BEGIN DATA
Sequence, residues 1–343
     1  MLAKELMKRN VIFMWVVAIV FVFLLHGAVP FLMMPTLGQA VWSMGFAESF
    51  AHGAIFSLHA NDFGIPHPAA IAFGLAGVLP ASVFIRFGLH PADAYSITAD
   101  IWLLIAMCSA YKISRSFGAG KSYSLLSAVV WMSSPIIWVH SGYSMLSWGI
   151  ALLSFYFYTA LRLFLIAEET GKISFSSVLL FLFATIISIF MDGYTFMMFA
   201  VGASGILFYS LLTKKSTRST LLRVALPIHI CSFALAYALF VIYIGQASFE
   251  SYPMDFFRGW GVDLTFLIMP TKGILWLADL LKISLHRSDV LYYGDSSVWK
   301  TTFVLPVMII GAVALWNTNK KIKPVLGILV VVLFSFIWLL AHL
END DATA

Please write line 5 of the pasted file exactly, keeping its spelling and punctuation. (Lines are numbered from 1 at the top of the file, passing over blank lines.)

   151  ALLSFYFYTA LRLFLIAEET GKISFSSVLL FLFATIISIF MDGYTFMMFA